California Gov. Gavin Newsom just violated his oath of office by signing a patently unconstitutional law to score a few political points against President Donald Trump.
The new law requires anyone appearing on California’s presidential primary ballot to disclose their federal income tax returns. Should a candidate refuse to release their tax returns — a wealthy candidate’s returns might run into the hundreds of pages, giving opposition researchers and the news media a field day of poorly-informed accusations — they can’t win any California delegates during the primary election. If, however, they win their party’s nomination anyway, they’ll still appear on California’s general election ballot in November.
Democrat Jerry Brown disagreed
“Although tax returns are by law confidential, many presidential candidates have voluntarily released them. This bill is a response to President Trump’s refusal to release his returns during the last election.
“While I recognize the political attractiveness-even the merits-of getting President Trump’s tax returns, I worry about the political perils of individual states seeking to regulate presidential elections in this manner. First, it may not be constitutional. Second, it sets a ‘slippery slope’ precedent. Today we require tax returns, but what would be next? Five years of health records?…
“A qualified candidate’s ability to appear on the ballot is fundamental to our democratic system. For that reason, I hesitate to start down a road that well might lead to an ever-escalating set of differing state requirements for presidential candidates.”
While Gov. Brown’s progressive liberal credentials are impeccable, he frequently provided some degree of adult supervision over the increasingly left-wing California legislature. Gov. Newsom, with the notable exceptions of applying some common sense to the troubled high-speed rail project, forest management and wildfire prevention, seems to have little inclination to check the legislature in other areas.
No tax returns in Constitution
Article II, Section 1 of the Constitution states the qualifications to hold the office of president:
“No Person except a natural born Citizen, or a Citizen of the United States, at the time of the Adoption of this Constitution, shall be eligible to the Office of President; neither shall any Person be eligible to that Office who shall not have attained to the Age of thirty five Years, and been fourteen Years a Resident within the United States.”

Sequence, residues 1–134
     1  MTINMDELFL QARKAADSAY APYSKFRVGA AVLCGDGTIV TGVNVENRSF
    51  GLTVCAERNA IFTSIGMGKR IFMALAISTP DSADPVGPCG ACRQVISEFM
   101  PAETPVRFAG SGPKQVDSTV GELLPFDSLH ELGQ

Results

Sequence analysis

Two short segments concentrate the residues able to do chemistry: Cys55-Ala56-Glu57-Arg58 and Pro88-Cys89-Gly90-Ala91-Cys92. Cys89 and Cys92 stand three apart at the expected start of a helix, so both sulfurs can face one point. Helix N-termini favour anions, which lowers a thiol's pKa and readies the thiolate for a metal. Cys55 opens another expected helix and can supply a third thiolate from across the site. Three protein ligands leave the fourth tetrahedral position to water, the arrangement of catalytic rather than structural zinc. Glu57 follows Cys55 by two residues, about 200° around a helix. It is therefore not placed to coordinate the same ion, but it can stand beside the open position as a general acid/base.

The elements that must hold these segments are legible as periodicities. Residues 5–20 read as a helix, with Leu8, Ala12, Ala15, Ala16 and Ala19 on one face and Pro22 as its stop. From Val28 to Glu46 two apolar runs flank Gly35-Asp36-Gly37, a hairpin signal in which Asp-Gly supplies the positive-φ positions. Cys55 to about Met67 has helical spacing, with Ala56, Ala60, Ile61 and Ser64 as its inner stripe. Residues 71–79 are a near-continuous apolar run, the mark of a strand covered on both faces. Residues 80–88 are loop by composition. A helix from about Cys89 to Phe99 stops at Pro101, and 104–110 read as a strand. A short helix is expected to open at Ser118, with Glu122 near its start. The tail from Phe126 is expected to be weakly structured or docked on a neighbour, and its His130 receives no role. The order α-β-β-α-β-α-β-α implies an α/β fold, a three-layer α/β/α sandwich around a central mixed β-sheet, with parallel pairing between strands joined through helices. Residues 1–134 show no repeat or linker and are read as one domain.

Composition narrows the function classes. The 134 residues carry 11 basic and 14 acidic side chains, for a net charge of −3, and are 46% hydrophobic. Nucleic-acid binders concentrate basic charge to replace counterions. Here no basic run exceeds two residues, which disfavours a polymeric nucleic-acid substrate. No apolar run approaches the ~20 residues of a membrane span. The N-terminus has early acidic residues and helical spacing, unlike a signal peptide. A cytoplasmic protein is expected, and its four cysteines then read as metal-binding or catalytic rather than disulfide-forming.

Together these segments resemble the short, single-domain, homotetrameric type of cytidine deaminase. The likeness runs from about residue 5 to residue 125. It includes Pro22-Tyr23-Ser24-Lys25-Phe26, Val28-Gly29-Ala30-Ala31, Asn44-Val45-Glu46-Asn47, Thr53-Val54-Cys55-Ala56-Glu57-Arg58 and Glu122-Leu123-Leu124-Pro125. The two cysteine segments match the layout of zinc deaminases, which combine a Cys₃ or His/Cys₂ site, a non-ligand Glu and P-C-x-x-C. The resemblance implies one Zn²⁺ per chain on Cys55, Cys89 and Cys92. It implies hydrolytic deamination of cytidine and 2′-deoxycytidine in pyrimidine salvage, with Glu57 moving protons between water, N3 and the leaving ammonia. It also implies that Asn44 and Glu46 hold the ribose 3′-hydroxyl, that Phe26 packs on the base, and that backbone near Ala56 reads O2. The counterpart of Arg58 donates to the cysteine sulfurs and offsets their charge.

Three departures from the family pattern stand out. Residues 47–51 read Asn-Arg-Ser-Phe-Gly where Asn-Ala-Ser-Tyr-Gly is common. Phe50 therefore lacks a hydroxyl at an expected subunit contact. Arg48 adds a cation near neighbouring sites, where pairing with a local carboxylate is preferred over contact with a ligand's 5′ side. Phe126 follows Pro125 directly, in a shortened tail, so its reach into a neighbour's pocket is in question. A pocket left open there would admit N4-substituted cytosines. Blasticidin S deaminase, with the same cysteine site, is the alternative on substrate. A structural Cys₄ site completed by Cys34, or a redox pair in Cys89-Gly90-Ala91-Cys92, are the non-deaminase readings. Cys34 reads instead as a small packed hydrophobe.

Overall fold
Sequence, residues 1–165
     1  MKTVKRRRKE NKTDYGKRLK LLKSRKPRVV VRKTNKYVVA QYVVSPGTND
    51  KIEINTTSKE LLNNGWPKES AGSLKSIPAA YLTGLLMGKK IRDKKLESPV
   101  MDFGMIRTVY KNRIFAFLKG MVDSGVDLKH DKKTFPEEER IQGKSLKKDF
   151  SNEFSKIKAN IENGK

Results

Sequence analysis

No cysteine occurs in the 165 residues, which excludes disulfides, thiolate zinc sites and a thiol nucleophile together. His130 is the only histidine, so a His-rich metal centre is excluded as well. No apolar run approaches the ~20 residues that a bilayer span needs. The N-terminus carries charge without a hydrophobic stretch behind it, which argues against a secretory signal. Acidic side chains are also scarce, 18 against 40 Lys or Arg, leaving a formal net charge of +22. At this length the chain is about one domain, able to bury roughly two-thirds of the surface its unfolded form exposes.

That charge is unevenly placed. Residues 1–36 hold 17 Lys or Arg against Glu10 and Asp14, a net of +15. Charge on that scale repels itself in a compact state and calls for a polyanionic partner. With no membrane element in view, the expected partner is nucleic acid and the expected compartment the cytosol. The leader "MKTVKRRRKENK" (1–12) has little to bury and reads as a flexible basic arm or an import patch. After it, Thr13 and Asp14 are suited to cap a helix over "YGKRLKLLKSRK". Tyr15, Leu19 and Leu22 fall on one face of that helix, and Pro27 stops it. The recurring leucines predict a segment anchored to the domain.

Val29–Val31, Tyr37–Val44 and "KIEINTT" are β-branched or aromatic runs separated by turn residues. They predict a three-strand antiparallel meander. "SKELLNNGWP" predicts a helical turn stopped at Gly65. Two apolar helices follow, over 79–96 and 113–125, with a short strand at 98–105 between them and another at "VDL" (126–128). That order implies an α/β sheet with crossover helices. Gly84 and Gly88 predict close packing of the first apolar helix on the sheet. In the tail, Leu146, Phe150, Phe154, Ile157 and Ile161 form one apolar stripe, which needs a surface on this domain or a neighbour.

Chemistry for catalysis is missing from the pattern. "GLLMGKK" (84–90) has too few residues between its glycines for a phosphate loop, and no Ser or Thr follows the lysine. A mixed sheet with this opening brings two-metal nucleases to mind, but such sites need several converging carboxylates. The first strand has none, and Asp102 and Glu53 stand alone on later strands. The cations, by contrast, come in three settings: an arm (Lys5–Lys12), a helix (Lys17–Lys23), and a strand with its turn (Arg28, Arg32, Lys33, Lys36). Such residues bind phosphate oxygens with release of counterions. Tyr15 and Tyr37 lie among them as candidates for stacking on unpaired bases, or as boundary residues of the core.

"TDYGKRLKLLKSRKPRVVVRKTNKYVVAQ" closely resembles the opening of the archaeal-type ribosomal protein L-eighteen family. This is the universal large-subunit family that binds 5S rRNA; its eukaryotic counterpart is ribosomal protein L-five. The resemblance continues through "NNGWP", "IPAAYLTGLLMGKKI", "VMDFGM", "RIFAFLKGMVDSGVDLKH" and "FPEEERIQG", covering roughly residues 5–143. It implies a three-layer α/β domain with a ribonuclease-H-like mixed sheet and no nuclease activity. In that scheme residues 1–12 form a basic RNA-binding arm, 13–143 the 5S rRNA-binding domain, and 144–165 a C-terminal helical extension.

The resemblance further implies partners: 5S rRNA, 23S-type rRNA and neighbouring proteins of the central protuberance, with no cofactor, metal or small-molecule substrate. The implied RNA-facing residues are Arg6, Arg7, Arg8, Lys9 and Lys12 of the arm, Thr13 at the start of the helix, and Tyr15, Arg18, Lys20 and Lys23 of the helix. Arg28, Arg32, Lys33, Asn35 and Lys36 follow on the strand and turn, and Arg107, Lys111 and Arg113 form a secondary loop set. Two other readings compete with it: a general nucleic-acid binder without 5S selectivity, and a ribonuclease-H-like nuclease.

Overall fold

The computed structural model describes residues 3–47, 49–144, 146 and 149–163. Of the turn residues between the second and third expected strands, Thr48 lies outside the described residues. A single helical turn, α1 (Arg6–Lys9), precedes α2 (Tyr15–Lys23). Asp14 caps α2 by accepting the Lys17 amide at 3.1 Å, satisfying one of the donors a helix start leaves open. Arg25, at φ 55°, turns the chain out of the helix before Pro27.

The federal income tax wasn’t constitutionally authorized until the passage of the 16th Amendment in 1913, which may explain why submitting tax returns is absent from the short list of required presidential qualifications.
But the Constitution does set a few other conditions. People can be disqualified from the presidency if they have been elected twice before to the office; if they have been impeached by the House, convicted by the Senate, and banned from holding further federal office by the Senate; or if they have rebelled against the United States.
Somewhat like California’s new law, in the wake of President Barack Obama’s election in 2008, a few states looked to pass legislation requiring proof that a presidential candidate was a natural-born citizen. Unlike California’s ballot access law, the natural-born citizen requirement is found in the Constitution — it’s just that federal legislation was never passed to clarify the requirement, leaving the question open for the states.
That understood, states do routinely limit access to the ballot, otherwise the voters would be confronted with more than 200-odd candidates pushing fringe agendas during a presidential election. Thus, states often lend their election apparatus to recognized political parties for primary elections to determine convention delegate allotments while allowing independent or write-in “write-in” candidates access to the ballot should they show enough organizing strength by gathering signatures on petitions to prove their credibility.
Revisiting former Gov. Brown’s concern over a “slippery slope” of “ever-escalating” “state requirements for presidential candidates,” imagine if Texas passed a similar law placing a requirement that, to appear on the Texas presidential primary ballot, a candidate has to have run a business for at least five years. Why stop there? Why not have a requirement that a candidate must have earned a billion dollars?
A proliferation of unique state requirements to appear on the ballot isn’t likely to spread around the nation — because California’s new ballot access law will be declared unconstitutional and voided.